A lot of breeding grounds will disappear for many species.

    Forest fires will be more frequent as will larger storms.
     
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  9. Mike Hill
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    Mike Hill Natural born citizen of republic of Finland.

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    For example Al Gores predictions for 2016 have not happened. I mean they have not fully happened. I think most overreact to how different the environment will be in 100 years.
    Because predictions are so untrustworthy you can use your imagination just be consistant. If big changes have happened in Florida then it should reflect to other parts of the world.
    When you have decided how the environment has changed you should think about how it affects societys for example creating a refugee crisis.
     
  10. HelloImRex
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    HelloImRex Contributing Member

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    You can make it however you want. Global warming is mostly made up anyway. Well, when it comes to predicting what will happen its completely made up. About all that's really known is that CO2 in the air is increasing at an exponential rate and this correlates to when the industrial revolution happened. Might be bad, might be fine.
     
  11. ChickenFreak
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    ChickenFreak Contributing Member Contributor

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    In any substantial climate change, agriculture will be pretty drastically affected. Crops depend on a fairly predictable combination of rain (even when irrigated, because too much rain can destroy crops), sunlight, heat, pollinators, etc. Each region would have to adjust their crops and learn what will now grow. Perennial crops that take years to get started, like fruit and nut trees, might just stop bearing, and farmers would have to start over with different cultivars--or the weather might be so extreme and unpredictable that whole crop categories would just stop being feasible.

    If governments kept a grip on things, I could see a set of food regulations, rationing, ration booklets, etc., similar to the Word Wars. Government might seize emergency powers to tell growers what to grow--forget the high fructose corn syrup and plant those potatoes! Victory Gardens might become a thing again, with people tilling their lawns under and growing food.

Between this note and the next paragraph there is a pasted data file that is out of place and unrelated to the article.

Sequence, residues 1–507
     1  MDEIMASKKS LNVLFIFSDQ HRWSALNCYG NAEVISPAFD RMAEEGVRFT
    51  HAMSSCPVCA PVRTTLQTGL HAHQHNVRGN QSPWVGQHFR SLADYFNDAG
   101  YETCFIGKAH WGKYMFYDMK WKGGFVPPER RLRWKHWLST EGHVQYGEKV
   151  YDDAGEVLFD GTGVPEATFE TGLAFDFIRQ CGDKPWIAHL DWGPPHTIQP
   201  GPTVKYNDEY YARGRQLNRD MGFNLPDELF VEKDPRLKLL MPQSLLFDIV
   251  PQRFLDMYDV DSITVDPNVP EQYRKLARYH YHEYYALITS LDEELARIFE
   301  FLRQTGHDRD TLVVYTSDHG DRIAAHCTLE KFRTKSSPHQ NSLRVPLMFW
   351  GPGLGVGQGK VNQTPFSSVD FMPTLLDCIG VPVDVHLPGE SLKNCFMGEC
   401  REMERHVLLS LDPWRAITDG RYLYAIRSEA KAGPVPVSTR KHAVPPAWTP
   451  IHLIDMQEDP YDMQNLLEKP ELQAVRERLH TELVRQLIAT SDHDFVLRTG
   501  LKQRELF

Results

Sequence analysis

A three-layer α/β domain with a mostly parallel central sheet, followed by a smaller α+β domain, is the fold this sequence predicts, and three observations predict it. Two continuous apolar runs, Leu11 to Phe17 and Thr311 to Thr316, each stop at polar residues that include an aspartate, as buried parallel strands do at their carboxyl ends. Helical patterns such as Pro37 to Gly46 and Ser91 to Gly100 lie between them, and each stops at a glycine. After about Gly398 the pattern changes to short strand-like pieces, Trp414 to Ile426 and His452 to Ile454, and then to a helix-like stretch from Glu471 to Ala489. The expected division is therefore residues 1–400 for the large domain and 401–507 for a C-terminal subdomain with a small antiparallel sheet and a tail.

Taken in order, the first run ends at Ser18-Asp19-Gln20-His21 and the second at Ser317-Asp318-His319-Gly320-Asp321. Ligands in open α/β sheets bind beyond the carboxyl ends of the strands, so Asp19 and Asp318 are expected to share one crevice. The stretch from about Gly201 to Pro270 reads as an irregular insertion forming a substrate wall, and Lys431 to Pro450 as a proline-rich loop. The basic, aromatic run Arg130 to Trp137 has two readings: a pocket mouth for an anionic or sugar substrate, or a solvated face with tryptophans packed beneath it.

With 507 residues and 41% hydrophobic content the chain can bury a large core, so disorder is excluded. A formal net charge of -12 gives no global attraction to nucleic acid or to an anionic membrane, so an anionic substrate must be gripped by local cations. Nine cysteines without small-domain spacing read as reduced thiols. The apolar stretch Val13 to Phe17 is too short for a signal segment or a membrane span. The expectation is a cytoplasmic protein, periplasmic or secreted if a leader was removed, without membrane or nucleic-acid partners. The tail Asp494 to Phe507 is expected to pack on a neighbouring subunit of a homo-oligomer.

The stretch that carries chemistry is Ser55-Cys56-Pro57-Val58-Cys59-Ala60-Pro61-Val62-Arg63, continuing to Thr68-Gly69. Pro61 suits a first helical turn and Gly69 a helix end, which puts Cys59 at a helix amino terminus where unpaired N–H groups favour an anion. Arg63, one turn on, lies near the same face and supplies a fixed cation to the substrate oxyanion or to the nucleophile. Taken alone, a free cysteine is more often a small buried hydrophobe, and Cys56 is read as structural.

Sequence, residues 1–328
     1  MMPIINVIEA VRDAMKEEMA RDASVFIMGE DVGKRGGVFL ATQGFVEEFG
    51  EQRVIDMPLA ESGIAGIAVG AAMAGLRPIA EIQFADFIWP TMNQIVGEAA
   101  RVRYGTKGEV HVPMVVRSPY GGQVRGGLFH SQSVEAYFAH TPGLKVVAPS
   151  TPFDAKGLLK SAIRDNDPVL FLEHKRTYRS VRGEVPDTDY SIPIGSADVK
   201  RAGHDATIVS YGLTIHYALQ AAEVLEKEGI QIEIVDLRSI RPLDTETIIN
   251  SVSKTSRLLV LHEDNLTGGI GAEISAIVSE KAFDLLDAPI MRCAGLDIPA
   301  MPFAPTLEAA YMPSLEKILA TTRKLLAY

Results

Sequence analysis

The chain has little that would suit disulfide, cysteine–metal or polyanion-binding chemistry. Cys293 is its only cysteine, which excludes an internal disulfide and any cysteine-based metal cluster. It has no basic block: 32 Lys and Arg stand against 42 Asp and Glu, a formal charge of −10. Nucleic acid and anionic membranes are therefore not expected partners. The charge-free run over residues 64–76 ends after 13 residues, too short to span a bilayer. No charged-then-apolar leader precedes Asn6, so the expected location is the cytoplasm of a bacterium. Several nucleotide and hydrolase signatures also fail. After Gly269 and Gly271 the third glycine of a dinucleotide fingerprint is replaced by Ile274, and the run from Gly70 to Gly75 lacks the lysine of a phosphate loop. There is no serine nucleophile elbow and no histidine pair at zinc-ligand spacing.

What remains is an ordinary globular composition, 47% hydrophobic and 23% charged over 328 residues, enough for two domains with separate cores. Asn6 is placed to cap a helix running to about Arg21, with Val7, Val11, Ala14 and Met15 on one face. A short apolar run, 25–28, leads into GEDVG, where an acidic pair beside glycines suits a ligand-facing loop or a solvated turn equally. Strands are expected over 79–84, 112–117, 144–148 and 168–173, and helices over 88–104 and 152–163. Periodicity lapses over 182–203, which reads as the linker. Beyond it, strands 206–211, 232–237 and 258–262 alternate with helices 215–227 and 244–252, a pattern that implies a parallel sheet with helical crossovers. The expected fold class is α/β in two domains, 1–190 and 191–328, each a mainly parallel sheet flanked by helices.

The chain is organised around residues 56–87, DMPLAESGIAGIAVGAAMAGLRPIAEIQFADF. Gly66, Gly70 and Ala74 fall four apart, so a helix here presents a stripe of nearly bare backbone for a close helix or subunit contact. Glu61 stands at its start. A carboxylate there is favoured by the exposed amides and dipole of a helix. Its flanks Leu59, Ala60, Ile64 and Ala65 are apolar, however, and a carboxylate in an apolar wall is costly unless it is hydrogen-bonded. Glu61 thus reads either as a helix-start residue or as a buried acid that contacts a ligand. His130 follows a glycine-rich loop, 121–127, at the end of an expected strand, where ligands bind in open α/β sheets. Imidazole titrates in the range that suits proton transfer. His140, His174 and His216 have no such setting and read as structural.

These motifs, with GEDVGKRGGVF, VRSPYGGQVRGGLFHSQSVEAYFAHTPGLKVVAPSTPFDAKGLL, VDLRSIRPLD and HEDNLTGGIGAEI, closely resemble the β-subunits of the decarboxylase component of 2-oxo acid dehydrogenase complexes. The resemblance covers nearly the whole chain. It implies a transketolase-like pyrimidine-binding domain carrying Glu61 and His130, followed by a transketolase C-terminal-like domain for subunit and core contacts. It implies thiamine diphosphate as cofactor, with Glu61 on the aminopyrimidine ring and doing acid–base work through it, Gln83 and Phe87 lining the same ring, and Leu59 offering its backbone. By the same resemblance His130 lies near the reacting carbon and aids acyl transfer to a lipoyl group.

If I were in this situation, I'd start myself a small flock of ducklings of a good meat/laying variety and plant my garden mostly in potatoes (potatoes are extremely adaptable) with dryfarm tomatoes and squash to hedge my bets. And my town would probably start eating the invading deer.

    I'm not sure what books or other sources to recommend. My first thought is Carol Deppe's The Resilient Gardener, but that's a pretty substantial read for just a few examples of what you're after. (There's a discussion of The Little Ice Age, and what she calls "the year California stole our rain", and so on.) On the other hand, it might contain references that could point you to more sources.

    Remember, too, that even though it's global warming, weather will be more extreme in both directions, both warmer and colder.
     
  12. GingerCoffee
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    GingerCoffee Web Surfer Girl Contributor

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    Dude, you need to reread that science.
     
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  13. GingerCoffee
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    GingerCoffee Web Surfer Girl Contributor

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    I'll have to go check but I thought Gore said we would pass the point of no return, not that all of the consequences would be manifest by 2016.

    But even if Gore envisioned a sped up global warming that estimated changes incorrectly, the basic inconvenient truths are fairly well established science.
     
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  14. HelloImRex
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    HelloImRex Contributing Member